The Mediterranean Diet and Brain Health

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The Mediterranean Diet and Brain Health

The health benefits of the so-called Mediterranean diet were first proposed in the 1950s. That’s when an American physiologist named Ancel Keys noticed something peculiar. Poor people in southern Italy were healthier than wealthy people in New York.

How could this be? To find out, Keys launched what was called the “Seven Countries Study,” which compared lifestyles, nutrition and heart disease in in Finland, Greece, Japan, the Netherlands, Italy, Yugoslavia and the United States. He found that people who ate little meat but lots of olive oil, bread, pasta, vegetables, herbs, garlic, red onions and other vegetable foods had low amounts of cholesterol in the blood and less heart disease. It wasn’t until the 1980s, however, that the diet, now named the “Mediterranean diet,” started to become popular. Since then it has been recommended by the American Heart Association and the American Diabetes Association. It’s defined as eating fish twice a week plus fruits, vegetables, whole grains, legumes, nuts and olive oil while reducing consumption of alcohol and red meat.

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The main benefits of the Mediterranean diet are generally said to be in the area of heart health, but a new study from researchers at the National Eye Institute (NEI) indicates that the diet can also lower the risk of cognitive impairment by as much as half. The research was based on analyses of two existing studies — the Age-Related Eye Disease Study (AREDS) and AREDS2. They were originally sponsored by the NEI in order to investigate risk factors in age-related macular degeneration (AMD) and cataracts and to learn more about how vitamins might affect these eye problems. AREDS included some 4,000 subjects, some with AMD and some without, while AREDS2 included about 4,000 participants with AMD. The new study, which was published in Alzheimer’s and Dementia, the journal of the Alzheimer’s Association, analyzed the data from both AREDS studies to investigate any possible relationship between food consumption and cognitive development, something that was regularly tested during the AREDS research. In the AREDS studies, the researchers at first assessed the subjects of both studies for diet; the AREDS study tested cognitive function at five years while AREDS2 tested it at the beginning and then two, four and ten years later. The AREDS researchers used standardized tests to rate cognitive function and evaluated diet with a questionnaire that asked participants their average consumption of each Mediterranean diet component over the previous year.

According to Emily Chew, MD, of the National Eye Institute and lead author of the new study, studies of the eye are valuable in assessing cognitive decline because the retina is an extension of the brain. As she explained, “A third of your brain functions for vision and the retina lines the eyeball and travels back via an optic nerve all the way to the brain.” The AREDS studies determined that people whose diets were high in fish and vegetables had less AMD. Because the retina is connected to the brain, the researchers surmised, these foods might also improve brain health.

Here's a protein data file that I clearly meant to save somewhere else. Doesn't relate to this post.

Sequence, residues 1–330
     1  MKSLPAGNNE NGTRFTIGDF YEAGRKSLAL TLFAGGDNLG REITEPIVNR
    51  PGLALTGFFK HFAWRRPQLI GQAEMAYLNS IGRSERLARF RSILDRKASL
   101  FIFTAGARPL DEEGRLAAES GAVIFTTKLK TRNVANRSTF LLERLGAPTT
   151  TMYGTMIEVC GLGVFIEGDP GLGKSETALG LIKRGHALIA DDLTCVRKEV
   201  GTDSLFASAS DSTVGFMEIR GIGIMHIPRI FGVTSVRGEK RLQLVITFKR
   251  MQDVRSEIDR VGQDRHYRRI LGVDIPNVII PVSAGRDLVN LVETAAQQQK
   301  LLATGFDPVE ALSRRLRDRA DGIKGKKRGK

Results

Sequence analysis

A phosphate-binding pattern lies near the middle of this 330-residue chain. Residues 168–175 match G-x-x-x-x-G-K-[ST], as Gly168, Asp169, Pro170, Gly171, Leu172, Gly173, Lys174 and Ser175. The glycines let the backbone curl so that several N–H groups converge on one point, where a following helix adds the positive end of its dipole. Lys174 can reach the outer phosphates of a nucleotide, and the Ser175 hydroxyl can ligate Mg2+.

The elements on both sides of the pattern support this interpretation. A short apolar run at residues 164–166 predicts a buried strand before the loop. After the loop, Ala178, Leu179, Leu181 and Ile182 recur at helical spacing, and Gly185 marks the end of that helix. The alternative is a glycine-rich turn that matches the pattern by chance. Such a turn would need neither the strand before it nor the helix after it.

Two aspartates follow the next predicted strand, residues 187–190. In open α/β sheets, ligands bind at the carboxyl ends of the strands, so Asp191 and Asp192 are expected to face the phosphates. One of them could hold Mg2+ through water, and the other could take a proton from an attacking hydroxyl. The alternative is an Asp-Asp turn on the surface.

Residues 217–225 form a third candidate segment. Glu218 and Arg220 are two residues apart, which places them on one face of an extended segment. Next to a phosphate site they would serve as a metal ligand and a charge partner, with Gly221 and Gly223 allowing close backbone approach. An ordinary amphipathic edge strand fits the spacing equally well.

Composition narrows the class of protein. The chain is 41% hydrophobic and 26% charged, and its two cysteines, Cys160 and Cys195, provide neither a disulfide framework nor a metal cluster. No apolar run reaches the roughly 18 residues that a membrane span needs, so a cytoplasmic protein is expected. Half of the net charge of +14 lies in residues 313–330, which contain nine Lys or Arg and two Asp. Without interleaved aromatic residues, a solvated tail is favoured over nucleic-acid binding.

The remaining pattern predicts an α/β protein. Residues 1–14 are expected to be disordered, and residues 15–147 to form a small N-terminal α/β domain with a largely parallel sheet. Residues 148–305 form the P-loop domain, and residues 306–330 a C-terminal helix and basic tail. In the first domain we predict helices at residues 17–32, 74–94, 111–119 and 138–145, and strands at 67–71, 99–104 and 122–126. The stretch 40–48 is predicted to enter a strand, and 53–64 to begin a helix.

After analyzing the AREDS research, the NEI researchers reported that subjects who most closely adhered to the Mediterranean diet showed the lowest risk of cognitive impairment. High fish and vegetable consumption appeared to have the greatest protective effect. In addition, those who ate the most fish had the slowest rate of cognitive decline. According to Dr. Chew, “People with the higher adherence to the Mediterranean diet had almost a 45% to 50%  reduction in the risk of having an impaired cognitive function.” She added, however, that the Mediterranean diet in general didn’t seem to slow cognitive decline in subjects who had the ApoE gene, which significantly raises the risk for Alzheimer’s disease, but when the researchers investigated only fish consumption, they found eating fish twice a week did slow the decline in people who had the gene.

“We do not always pay attention to our diets,” commented Dr. Chew. “We need to explore how nutrition affects the brain and the eye. It’s a public health message. People need to eat well. It’s not like you have to get fresh fish. You can eat a can of tuna, for example.”

Want to learn more about keeping your mind sharp? Read “Memory Fitness: How to Get It, How to Keep It” “Nine Tips to Keep Your Memory With Diabetes” and “Keeping Alzheimer’s Disease at Bay.”

Joseph Gustaitis

Joseph Gustaitis

Joseph Gustaitis on social media

A freelance writer and editor based in the Chicago area, Gustaitis has a degree in journalism from Columbia University. He has decades of experience writing about diabetes and related health conditions and interviewing healthcare experts.

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